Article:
TCM reviews the 2012 Adventurer 86FB and talks to Greg Tucknies, National Sales Manager for Adventurer Manufacturing.
For 2011, we debuted the “Our Experience” series which blends a personal truck camping adventure story with a full on truck camper review. To date we have published “Our Experience” reviews on the Lance 1050S, Wolf Creek 850, Northstar Escape Pod 750, Palomino Maverick Max 2902, and Travel Lite 1000 SLRX Ultra. With each “Our Experience” story, we have honed our reviewing craft and pushed the “Our Experience” concept further. Before this year is out, one more experience story is on the way.
The problem with the “Our Experience” series is time and money. These articles require a week or more away from our normal work flow. In short, it’s not practical to do more than a handful of “Our Experience” stories each year.
So how do we do more camper reviews without blowing our budget or throwing our aggressive publishing schedule out the window? The answer is simple, review the campers where we find them; at dealerships and RV shows. These reviews will not be as in-depth as the “Our Experience” series, but they will allow us to review many more campers. With that, let me introduce to you our new series, the “First Look”.
The subject of our very first “First Look” is the 2012 Adventurer 86FB. We published a “New Camper” announcement for the Adventurer 86FB back in April but we finally saw the camper for the first time last month. While we looked the camper over, we hatched the idea for the “First Look” series. We also decided a follow-up with Greg Tucknies, Adventurer Manufacturing’s National Sales Manager, was in order to get more information on their extensive changes for 2012. Based on what we saw, there hasn’t been an idle hand at Adventurer in 2011. Contact Adventurer about the 86FB.
First Look: 2012 Adventurer 86FB
One of the disadvantages of giving our impressions of a camper from a dealer lot is that we can’t take it somewhere and properly photograph its exterior. This was the best shot I could get. You can see the electric awning, ladder, Comfort Step, and Happijac jacks. It’s a good looking camper.
The outside of 2012 Adventurer 86FB is very clean and well laid out. We didn’t have any trouble finding all the usual exterior amenities and we both liked the tasteful but understated decals. The front nose is filon wrapped and no longer features a fiberglass cap. As long as the exterior seals are well done by Adventurer and well maintained by the consumer, I don’t have a problem with the change away from the fiberglass end cap, especially at this price and weight point.
Angela and I wish every camper could have a service center like this. As the photograph shows, the 86FB has the outside shower, water fill, city water connection, and electrical connection all in one place. Other manufacturers have done similar multi-purpose compartments, but it’s great to see Adventurer add the service center to the 86FB. We even like the cable and hose pass-throughs that allow the cables and hoses to exit the bottom of the compartment and the compartment door to be kept closed. Very slick.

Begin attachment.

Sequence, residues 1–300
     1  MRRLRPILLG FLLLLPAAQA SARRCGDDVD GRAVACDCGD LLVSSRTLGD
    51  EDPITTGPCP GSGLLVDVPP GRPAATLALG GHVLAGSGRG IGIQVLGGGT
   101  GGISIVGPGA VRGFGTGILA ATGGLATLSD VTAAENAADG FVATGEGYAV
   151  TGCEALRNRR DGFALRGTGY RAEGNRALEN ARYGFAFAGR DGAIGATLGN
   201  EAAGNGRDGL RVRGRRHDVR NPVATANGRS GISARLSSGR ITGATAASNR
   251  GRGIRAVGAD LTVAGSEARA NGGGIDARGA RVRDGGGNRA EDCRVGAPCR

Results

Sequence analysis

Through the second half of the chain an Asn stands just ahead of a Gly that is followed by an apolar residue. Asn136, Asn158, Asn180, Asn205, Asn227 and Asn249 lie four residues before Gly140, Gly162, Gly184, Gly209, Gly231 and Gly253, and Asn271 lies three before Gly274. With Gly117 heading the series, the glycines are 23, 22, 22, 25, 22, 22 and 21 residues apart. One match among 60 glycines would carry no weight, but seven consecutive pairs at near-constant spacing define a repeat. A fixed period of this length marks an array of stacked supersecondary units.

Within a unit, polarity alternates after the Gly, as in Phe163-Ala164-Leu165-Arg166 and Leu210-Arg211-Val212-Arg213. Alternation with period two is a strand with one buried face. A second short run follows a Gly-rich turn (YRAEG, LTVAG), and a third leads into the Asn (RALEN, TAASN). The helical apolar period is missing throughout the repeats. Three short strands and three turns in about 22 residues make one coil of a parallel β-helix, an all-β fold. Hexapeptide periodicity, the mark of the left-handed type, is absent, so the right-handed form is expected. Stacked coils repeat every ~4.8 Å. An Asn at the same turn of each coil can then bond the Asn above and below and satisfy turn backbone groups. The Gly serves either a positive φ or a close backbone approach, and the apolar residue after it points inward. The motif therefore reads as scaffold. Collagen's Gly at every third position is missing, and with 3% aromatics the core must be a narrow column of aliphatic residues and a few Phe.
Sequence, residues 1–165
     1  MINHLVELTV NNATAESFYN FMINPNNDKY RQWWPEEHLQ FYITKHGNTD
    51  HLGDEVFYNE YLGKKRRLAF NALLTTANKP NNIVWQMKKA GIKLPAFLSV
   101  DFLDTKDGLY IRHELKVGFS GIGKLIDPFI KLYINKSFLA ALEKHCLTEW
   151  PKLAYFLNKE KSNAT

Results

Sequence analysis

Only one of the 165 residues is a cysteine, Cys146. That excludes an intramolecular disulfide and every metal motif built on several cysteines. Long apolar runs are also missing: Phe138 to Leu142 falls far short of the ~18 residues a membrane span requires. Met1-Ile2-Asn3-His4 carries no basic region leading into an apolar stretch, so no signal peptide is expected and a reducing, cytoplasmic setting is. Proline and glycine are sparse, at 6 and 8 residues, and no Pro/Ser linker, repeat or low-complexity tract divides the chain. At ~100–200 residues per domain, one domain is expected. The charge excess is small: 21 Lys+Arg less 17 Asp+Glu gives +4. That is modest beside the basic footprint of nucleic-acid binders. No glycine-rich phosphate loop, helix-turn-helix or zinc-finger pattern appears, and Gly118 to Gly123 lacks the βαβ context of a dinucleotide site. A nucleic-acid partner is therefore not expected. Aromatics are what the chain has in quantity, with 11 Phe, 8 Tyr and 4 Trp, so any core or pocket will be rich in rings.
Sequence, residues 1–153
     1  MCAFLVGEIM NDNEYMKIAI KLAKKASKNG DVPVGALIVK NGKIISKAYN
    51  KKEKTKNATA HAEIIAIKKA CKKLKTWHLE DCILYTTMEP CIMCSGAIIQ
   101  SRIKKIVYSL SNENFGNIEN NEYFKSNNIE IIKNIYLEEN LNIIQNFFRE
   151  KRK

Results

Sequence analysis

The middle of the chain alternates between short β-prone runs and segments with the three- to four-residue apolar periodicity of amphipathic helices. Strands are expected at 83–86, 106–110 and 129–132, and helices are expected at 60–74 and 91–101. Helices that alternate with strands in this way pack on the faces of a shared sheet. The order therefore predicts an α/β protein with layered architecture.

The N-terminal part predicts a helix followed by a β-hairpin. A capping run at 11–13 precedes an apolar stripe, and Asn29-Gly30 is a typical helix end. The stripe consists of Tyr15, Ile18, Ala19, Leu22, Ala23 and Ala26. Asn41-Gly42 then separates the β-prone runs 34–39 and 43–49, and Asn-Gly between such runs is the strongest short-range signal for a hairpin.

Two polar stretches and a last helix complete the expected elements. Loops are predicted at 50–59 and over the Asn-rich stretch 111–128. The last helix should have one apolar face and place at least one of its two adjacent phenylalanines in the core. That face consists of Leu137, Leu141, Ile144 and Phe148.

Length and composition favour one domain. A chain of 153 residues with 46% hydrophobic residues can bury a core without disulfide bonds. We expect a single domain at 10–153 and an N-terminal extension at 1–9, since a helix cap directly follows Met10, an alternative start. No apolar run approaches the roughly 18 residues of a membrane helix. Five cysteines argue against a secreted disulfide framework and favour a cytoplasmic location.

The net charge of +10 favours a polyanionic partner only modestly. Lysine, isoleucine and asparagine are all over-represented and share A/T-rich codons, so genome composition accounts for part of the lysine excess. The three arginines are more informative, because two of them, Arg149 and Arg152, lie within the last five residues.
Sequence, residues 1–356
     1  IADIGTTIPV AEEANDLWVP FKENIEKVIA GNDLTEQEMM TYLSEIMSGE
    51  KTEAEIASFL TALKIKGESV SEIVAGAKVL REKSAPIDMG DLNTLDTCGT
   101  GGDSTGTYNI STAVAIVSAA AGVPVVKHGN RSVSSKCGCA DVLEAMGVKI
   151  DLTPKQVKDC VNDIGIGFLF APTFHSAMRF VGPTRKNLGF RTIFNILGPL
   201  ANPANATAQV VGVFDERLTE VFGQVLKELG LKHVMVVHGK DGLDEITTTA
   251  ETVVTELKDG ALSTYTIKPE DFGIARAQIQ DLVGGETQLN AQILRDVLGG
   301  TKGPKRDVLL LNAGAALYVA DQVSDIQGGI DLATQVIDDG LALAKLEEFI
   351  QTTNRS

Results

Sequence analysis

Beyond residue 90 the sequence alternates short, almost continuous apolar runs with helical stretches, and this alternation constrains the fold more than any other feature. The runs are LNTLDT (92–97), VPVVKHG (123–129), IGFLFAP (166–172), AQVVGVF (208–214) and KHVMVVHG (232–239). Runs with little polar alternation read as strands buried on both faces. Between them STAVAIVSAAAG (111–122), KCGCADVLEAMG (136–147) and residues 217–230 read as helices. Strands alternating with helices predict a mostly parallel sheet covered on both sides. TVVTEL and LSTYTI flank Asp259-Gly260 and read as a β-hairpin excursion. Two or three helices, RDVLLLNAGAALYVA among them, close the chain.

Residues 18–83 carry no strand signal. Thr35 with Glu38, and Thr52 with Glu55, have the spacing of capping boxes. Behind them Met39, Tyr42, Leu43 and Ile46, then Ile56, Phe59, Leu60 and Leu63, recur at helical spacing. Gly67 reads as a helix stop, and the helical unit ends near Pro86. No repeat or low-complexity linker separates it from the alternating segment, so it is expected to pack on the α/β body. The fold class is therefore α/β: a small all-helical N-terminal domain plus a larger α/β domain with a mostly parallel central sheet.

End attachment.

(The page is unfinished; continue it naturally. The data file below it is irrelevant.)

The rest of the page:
The whole industry has gone batty with LED fever. For 2012, Adventurer has caught the LED bug and changed all of their exterior lights to LED. Here you can see the rear LED tail lights.
When we had our 2010 Adventurer 90FWS, it was the Comfort Step aluminum bumper system that always stole the show. Whether at rallies, campgrounds, or gas stations, people would come up to the camper to share their praise for the steps. After they had the opportunity to use the Comfort Steps they were even more impressed. The steps look and feel like residential style steps and make entering and exiting the camper a pleasure.
Thankfully, Adventurer has put their Comfort Step system on the 86FB. If you own this camper, get ready to do a little of your own show and tell as people come up to compliment and test the steps.
When I opened the rear compartment door and saw how clean, neat, and orderly the dump facilities, plumbing, holding tanks, and wiring looked, I was ecstatic. To be honest, the 2010 90FWS did not show nearly as well. Even better, the dump valves are easy to reach and color coded (if you can call black and grey colors). If this is any indication of the production quality changes at Adventurer, we are impressed.
On our 2010 Adventurer 90FWS, you also had to remove a step to access the rear compartment where the dump valves were. This was a real pain in the butt and I even managed to break the compartment door once when I absentmindedly used it as a step coming out of the camper (long story).
For the 2012 Adventurer 86FB, Adventurer has removed the step. This is great as it makes accessing the dump facilities much easier and faster, but it also makes the final step-up into the camper a little tall. I don’t think this is a big deal (the final step-up is not much higher than the Comfort Steps), but it’s something to be aware of.